High blood pressure is a condition where the pressure inside the arteries is higher than it should be, and left untreated, serious complications can occur, including heart attack and stroke. Many people don’t know they have the condition because symptoms are rarely noticeable.
The best way to find our if you have a high reading is to have your blood pressure regularly checked, either by your GP or local pharmacist or using a blood pressure monitor at home.
It’s also important to understand how to prevent high blood pressure to avoid complications, and as part of this, what causes the condition.
It’s not clear exactly what causes high blood pressure, but there are nine things that can increase your risk.
The NHS lists these as:
- Age – the risk of developing high blood pressure increases as you get older
- A family history of high blood pressure
- Being of African or Caribbean origin
- A high amount of salt in your food
- Lack of exercise
- Being overweight
- Regularly drinking large amounts of alcohol
- Long-term sleep deprivation
How to prevent high blood pressure
High blood pressure can often be prevented or reduced through some simple lifestyle changes, such as eating healthily.
Bupa advises: “Eat a healthy, balanced diet, including at least five portions of fruit and vegetables a day.
“It’s also good to eat at least one portion of oily fish, such as salmon, sardines and mackerel every week.”
Eating less salt, cutting down on alcohol and drinking less coffee and other caffeinated drinks like cola are also recommended.
Being active and taking regular exercise can also lower blood pressure by keeping your heart and blood vessels in good condition.
The NHS advises: “Regular exercise can also help you lose weight, which will also help lower your blood pressure.
“Adults should do at least 150 minutes (2 hours and 30 minutes) of moderate-intensity aerobic activity, such as cycling or fast walking, every week.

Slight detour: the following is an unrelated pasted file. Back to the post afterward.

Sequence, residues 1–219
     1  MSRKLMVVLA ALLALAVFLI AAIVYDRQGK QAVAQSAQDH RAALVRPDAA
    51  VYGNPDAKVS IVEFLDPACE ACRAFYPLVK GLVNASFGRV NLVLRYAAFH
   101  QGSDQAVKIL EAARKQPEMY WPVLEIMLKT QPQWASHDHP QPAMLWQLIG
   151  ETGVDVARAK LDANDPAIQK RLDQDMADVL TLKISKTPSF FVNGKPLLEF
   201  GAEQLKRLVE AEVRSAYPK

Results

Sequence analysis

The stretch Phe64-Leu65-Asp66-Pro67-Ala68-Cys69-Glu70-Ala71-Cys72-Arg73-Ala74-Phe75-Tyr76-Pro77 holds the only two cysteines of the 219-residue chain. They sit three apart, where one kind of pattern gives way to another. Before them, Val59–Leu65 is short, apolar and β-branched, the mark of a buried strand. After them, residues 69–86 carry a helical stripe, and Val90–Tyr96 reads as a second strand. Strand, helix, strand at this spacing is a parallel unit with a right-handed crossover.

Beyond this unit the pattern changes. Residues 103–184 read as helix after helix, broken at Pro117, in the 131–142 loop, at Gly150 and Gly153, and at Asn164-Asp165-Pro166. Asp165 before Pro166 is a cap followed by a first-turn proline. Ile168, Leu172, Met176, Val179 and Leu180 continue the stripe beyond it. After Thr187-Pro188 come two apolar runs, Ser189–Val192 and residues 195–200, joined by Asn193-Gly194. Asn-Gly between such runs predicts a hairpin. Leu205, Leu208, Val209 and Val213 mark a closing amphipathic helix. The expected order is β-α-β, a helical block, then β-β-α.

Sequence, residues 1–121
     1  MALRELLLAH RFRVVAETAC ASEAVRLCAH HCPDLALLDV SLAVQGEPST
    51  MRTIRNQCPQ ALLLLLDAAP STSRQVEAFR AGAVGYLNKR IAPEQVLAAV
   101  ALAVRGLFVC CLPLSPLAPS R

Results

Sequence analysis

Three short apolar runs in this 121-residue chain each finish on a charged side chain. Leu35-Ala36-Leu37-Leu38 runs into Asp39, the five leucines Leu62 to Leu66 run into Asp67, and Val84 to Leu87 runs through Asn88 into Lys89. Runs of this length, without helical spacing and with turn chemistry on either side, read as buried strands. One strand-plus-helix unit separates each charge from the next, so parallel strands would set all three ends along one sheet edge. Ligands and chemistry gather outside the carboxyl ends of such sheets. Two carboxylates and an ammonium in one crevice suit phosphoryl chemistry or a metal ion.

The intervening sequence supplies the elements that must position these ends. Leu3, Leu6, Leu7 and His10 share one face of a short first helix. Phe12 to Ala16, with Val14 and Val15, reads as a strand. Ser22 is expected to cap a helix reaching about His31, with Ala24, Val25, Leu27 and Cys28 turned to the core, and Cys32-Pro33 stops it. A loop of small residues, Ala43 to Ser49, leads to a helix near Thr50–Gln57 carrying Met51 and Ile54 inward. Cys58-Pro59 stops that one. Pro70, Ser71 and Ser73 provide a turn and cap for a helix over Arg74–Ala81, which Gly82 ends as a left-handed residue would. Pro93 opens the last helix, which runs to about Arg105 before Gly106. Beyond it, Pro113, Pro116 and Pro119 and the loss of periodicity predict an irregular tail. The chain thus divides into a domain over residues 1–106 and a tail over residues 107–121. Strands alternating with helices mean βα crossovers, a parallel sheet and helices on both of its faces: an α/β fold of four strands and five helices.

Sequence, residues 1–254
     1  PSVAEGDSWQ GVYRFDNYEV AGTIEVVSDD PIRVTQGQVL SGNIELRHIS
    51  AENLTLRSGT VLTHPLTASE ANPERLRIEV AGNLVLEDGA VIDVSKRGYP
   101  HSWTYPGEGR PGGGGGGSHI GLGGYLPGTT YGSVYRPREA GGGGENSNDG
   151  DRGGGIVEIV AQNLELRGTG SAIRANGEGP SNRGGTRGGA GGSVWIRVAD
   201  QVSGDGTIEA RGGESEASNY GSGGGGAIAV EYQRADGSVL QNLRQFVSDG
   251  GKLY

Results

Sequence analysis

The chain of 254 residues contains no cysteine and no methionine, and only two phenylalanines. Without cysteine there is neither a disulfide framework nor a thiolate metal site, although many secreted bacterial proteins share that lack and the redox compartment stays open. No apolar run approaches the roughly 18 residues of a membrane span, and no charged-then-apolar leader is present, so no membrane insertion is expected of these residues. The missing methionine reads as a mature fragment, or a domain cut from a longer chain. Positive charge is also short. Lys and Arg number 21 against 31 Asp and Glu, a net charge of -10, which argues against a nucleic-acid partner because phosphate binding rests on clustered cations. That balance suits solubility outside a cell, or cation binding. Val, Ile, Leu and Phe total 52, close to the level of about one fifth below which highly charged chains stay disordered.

“Physical activity can include anything from sport to walking and gardening.”
Losing weight has also been shown to be effective at lowering blood pressure.
The health body adds: “Being overweight forces your heart to work harder to pump blood around your body, which can raise your blood pressure.
“If you do need to lose some weight, it’s worth remembering that just losing a few pounds will make a big difference to your blood pressure and overall health.”
Stopping smoking does not directly cause high blood pressure, but can put a person at much higher risk of a heart attack and stroke.
This is because smoking, like high blood pressure, causes the arteries to narrow.
So if you smoke and have high blood pressure, the arteries will narrow much more quickly.
High blood pressure symptoms
Most people with high blood pressure will show no signs or symptoms, even if blood pressure readings reach dangerously high levels.
But Mayo Clinic advises: “A few people with high blood pressure may have headaches, shortness of breath or nosebleeds, but these signs and symptoms aren’t specific and usually don’t occur until high blood pressure has reached a severe or life-threatening stage.”